10 Things I want from The Budget 2020

1.Infrastructure Bond 

The Infrastructure segment has indeed seen a lot of focus from the government but nothing seems to be enough. The black hole phenomenon rears its head again and again every year perhaps because of lack of cohesive planning and execution, maybe because of rampant corruption or maybe because of some other reasons that’s hard to pinpoint. Whatever the reasons, it’s a fact that for all the money gobbled up, India’s infrastructure(a top 5 global economy, Purchasing Power Parity terms), India seems worse than most countries that we can think of. Why not completely change the equation. Make the infrastructure projects more transparent in terms of requirements, have an independent monitoring agency and source allocation from the public. With attractive tax incentives, easy back to back agreements with banks and NBFCs for loans against such holdings, the government will not be burning the midnight oil to source the money. If done well it will provide the common man an option to park middle to long term money with high degree of safety, some degree of liquidity and attractive post tax returns. 

2. Income Tax Deduction Limit enhancement 

This is a no brainer. The salaried class has been the favourite whipping boy of most finance ministers and every increase in direct and indirect tax affects the salary earner disproportionately higher. The limit currently is a mere Rs. 1, 50,000 and everyone knows the limit is not providing any significant relief to Mr. Taxpayer. Even by the inflation adjusted route from whence it started, the amount should be closer to Rs. 7 lacs. Granted that it will be almost impossible to get, two things could be done. First there could be an uptick to Rs. 3 lacs and secondly, housing loan benefits could be taken out of it and accounted for separately. This will provide us with higher spend on fixed assets as well as investment into long term savings and investment instruments. As a quid pro quo, I suppose a minimum lock in across all schemes of 5 years will not be very taxing. 

3. Well defined Pension Plan Products 

Post retirement concerns are eating away the well-being of most employees in the private sector and increasingly in the government sector as well. Inspite of the pension fund regulator (PFRDA) being in operation for many years now, there has not been much activity in this segment although a very real gap remains from the consumer point of view. What’s more, PF is a very long term commitment from the investor and so does constitute a relatively cheaper source of funding for the infra sector too. All said, this is a very under used product segment in India so far.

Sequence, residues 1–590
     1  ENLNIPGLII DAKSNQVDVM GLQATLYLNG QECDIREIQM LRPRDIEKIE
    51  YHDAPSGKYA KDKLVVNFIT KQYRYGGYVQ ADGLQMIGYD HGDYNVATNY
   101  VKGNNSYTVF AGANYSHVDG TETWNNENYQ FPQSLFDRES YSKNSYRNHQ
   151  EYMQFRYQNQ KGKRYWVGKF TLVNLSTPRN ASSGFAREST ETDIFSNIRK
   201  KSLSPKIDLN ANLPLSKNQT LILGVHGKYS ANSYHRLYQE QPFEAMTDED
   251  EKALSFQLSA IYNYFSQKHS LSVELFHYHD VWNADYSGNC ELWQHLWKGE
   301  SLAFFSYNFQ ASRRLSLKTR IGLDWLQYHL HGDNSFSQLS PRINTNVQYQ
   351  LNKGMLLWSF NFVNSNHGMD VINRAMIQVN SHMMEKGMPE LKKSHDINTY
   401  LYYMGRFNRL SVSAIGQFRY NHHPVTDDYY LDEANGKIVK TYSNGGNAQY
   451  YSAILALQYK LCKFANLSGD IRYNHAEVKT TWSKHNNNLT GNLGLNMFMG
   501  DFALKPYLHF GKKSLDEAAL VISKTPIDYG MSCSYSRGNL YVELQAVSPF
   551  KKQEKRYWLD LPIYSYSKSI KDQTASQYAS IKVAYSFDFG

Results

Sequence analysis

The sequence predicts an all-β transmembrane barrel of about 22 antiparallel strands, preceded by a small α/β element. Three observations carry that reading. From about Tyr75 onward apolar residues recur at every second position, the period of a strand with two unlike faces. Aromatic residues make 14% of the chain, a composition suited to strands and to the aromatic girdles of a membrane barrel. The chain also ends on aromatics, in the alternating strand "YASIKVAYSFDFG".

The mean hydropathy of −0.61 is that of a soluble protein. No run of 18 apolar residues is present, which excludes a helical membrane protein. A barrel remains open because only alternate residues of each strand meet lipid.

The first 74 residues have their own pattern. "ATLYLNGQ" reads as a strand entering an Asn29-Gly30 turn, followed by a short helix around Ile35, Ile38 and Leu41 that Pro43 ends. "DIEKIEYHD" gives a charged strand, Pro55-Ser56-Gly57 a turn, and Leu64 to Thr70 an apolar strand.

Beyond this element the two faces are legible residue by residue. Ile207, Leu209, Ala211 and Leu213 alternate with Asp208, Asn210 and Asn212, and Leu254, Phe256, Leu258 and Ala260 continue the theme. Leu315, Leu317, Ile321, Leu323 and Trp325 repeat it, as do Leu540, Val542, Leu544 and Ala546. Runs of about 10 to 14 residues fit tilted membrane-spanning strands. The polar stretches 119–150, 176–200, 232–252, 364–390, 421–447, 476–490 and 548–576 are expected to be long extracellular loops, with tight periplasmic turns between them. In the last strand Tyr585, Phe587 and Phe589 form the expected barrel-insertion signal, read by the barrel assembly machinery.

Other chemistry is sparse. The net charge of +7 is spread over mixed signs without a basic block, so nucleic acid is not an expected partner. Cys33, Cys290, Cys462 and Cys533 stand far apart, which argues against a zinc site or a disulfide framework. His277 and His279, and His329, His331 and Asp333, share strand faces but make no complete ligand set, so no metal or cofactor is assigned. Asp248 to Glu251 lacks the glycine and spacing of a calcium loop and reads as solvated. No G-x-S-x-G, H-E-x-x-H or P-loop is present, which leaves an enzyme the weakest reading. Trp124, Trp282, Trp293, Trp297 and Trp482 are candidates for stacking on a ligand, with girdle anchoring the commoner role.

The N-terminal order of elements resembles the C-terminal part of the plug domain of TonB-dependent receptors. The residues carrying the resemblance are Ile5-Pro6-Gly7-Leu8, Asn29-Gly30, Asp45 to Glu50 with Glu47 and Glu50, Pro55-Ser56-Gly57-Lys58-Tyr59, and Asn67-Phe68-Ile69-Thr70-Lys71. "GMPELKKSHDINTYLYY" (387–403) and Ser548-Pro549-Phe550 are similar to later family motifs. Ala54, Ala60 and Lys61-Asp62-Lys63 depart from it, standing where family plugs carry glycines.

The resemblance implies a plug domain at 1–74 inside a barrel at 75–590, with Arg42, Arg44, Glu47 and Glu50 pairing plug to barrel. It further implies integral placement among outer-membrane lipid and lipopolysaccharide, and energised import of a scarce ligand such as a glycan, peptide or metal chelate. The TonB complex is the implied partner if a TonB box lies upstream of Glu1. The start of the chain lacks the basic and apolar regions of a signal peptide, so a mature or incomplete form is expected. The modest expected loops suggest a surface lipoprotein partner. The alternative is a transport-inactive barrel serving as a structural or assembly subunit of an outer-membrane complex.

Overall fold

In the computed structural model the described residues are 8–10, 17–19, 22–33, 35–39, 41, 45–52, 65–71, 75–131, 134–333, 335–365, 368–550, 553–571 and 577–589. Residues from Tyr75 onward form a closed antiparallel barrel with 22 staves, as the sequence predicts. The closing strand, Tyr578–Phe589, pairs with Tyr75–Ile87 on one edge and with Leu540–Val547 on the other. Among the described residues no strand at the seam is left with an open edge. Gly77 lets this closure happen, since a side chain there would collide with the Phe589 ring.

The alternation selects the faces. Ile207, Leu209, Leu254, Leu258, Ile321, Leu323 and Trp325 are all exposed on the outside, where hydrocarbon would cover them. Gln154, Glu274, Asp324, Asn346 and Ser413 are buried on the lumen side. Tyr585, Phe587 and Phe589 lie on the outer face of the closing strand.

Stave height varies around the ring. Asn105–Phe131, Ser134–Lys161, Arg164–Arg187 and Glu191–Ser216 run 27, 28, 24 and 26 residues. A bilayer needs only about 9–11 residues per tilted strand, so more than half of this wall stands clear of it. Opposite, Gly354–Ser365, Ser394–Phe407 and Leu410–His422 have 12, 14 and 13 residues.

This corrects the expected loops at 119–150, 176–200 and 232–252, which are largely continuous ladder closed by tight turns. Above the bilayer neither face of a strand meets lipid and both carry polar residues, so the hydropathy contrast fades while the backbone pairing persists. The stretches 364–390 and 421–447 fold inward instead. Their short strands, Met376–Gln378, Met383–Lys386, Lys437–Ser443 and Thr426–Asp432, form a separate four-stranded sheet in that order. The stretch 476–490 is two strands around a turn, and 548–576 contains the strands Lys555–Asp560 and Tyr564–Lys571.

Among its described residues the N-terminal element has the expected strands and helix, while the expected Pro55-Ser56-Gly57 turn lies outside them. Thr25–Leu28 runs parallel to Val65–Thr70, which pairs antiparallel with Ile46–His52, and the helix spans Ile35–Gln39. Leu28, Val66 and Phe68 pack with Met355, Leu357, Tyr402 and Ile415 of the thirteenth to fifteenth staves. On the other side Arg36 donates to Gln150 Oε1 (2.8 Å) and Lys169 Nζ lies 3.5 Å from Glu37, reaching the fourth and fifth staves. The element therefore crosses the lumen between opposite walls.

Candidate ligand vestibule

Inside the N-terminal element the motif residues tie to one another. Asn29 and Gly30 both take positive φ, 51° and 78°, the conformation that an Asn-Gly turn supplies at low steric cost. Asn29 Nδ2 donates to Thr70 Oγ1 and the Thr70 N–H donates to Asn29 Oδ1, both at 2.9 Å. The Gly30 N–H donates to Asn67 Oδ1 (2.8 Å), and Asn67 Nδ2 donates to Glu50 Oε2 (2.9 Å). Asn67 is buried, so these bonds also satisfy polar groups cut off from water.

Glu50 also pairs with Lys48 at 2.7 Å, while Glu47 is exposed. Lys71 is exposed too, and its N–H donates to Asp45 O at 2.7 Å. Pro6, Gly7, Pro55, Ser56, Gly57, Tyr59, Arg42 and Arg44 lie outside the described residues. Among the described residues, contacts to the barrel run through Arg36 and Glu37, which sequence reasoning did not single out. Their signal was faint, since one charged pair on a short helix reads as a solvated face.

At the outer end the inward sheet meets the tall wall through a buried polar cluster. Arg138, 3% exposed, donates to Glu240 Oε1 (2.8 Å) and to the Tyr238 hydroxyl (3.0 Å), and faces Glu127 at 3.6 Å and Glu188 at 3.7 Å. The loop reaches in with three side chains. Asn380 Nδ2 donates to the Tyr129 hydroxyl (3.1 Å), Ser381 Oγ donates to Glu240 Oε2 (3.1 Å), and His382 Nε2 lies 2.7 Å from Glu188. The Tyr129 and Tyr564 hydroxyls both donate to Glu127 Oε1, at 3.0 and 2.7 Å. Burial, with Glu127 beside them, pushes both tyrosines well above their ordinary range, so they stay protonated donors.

4. LTCG on equity to be removed 

No one really knows why the tax was imposed when everything was going so well. Perhaps the Ministry of Finance mandarins had forgotten the simplest management lesson —- if it’s not broken, don’t mend it. Now that it has been in operation for a year with no tangible gains in sight and lots of pain points for the returns filing, it’s high time it’s done away with. It will encourage equity participation from the salaried class, which even the Ministry of Finance will accept, has come down sharply.  

5. Unified, Simpler KYC 

The current system of having to file KYC separately for every kind of investment is most irritating process. It has driven away the most resolute individual. The ease of investment and saving is a major factor for savings and investment for most of us. We have to make KYC for multiple purposes, leaving mountains of photocopies of PAN, Aadhar Cards, Passports and what not all over the financial landscape. Not only is it irritating but also boggles the mind why is it so. India is technology rich and in recent times very data rich too. Besides it’s the same documents over and over again that is provided as supporting. Madam FM, please dispense away with the multiple KYCs and get it under one roof and part of a central database which the organisation (bank, mutual fund, insurance etc.) can check and allot policies, units etc. 

6. Massive Housing Initiative